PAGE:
Here is one othe many official war corespondent photographs that documented the Allied landings in Morocco and Algieria. Initiated by the operation “Torch”, this campaign established a game-changing second front in Africa.
Characteristic of the time, the official narrative in an excercise in providing the news without giving away any information, which makes for an interesting study in rhetorics.
The RAF Take Over “At the Double” in North Africa.
The speed with wich the RAF went into action after their arrival at airfield in North Africa has been remarkable and profitable feature of the Allied offensive. From these airfields the RAF has not only protected Allied land and sea forces, but attack on the enemy troops, airfields, communications and bomber formations.
Picture taken at an advanced airfield in Algeria. Picture shows, Spitfires lined up ready for a sweep over enemy territory.
In sum, another interesting puzzle, let’s dive into it.
Establishing the particulars of a photograph is always much easier if one or more of the of depicted aircraft can yield some clues to their real identity. Fortunately, a close scrutiny of the nearest Spitfire in the photo happily reveals its serial number. It is EP650, a Spitfre Mk. Vb Trop. A lookup in its service roster tells us that this particular aircraft was at the time serving with No. 81 Squadron RAF.
As preparations for the Operation Torch gained momentum, No. 81 was diverted from its inteded deployment to Nortern Russia and instead sent onboard a convoy to Gibraltar. Upon arival it was re-equipped with Spitfires and maintained readiness while awaiting further orders.
8th November ,1942 was the first day of the landings in North Africa. Due to the lack of opposition on the ground, the American troops occupied the major air base at Maison Blanche already at 9 o’clock. No. 81 the squadron flew immediately ashore to this airfield, claiming to be the first squadron to land, closely followed by No. 43 Squadron on Hurricanes and No. 242 on Spitfires.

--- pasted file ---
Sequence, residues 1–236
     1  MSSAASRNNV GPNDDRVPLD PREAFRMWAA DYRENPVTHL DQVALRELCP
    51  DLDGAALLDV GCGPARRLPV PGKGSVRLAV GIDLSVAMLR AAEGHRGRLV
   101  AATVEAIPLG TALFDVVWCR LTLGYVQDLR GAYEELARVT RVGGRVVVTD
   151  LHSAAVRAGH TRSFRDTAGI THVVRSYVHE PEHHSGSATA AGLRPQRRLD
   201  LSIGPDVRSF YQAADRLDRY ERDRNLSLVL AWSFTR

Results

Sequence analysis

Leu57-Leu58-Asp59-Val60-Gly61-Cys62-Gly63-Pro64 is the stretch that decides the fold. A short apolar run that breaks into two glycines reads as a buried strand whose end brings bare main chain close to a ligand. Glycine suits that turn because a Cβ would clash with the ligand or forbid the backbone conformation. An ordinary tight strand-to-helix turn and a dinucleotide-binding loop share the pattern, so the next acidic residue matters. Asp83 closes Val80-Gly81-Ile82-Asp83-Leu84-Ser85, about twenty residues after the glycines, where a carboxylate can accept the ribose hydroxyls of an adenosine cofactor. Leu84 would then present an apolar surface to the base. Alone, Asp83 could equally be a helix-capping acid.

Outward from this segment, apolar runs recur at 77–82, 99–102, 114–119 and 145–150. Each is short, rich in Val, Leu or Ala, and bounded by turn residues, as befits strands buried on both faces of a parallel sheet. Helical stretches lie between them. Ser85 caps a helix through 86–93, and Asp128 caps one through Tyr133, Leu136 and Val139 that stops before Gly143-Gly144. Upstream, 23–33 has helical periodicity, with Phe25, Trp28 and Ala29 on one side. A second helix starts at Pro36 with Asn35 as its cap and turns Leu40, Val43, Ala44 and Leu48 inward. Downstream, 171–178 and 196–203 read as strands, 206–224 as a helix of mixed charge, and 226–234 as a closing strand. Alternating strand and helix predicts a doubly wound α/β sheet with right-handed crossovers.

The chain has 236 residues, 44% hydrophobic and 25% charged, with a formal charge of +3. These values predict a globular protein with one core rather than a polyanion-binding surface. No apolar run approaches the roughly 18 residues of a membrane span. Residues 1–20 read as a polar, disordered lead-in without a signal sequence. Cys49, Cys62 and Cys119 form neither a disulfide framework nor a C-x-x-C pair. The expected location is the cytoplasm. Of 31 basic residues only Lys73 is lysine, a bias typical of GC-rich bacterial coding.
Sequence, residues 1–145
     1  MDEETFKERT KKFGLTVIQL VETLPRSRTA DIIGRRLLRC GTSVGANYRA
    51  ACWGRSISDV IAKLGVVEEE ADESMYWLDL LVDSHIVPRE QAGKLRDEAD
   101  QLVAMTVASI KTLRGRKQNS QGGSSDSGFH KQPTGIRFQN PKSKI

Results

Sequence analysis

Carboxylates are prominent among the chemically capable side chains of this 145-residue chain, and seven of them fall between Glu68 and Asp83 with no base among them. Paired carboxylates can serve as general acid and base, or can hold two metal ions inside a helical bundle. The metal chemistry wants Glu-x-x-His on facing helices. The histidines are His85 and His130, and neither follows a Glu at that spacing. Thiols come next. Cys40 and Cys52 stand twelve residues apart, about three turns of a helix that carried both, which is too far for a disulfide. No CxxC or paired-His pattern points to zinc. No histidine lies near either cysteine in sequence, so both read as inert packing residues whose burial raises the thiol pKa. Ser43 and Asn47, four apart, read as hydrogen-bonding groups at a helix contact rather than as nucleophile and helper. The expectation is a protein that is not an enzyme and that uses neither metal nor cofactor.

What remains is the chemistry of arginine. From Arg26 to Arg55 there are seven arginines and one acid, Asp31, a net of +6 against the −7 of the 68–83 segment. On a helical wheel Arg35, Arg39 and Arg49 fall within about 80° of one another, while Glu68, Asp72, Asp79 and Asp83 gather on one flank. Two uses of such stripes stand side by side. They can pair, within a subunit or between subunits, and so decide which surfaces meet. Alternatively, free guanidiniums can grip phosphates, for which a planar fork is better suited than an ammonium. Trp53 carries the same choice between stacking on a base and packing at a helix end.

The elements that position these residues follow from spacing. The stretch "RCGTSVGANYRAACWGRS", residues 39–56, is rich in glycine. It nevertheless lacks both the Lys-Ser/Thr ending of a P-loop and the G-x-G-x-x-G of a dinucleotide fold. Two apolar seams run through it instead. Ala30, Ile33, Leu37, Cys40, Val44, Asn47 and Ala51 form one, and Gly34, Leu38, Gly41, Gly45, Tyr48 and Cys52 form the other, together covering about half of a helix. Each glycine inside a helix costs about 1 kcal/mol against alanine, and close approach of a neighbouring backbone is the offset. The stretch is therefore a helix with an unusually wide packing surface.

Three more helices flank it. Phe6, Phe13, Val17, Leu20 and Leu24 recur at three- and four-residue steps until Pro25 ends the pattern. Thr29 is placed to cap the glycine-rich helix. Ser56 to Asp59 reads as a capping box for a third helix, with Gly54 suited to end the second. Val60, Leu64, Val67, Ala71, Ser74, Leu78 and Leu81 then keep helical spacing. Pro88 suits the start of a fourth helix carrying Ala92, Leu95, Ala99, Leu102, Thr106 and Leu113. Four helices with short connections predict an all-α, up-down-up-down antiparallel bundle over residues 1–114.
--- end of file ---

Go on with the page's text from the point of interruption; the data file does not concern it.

Together the three units formed No. 322 Wing RAF. Interestingly, No. 43 was at this time commanded by Sqn Ldr Michael Rook, who had been with No. 81 Squadron in Russia a year before. It was a happy reunion for the Russia veterans in an entirely new setting.
Already on the following day British pilots were involved in a mad melee to defend Maison Blanche airfield from raiding bombers. Over thirty Junkers Ju 88s were involved, and No. 81 claimed eleven of them destroyed, Curiously, the ‘Y’ Service confirmed that in fact, only three enemy aircraft returned to base, so the success, shared between No. 81 and 43 Squadron, felt even larger.
On 13th November, the squadron moved to Bone near the Tunisian border, newly captured from the Germans. Unfortunately, they were caught by the enemy bombers on the ground before they had become fully established, and suffered heavy casualties.
Due to a succesful German counteraction, the campaign in Tunisia soon became bogged down, and No. 81 Squadron saw both Christmas, and the New Year at Bone. By the end of December, though, the official score for the squadron stood at fifty-two enemy aircraft confirmed, and many more probables with the loss of thirteen own aircraft and eight pilots.
This photo had most probably been taken at Bone. Note the American troops wandering about the airfield.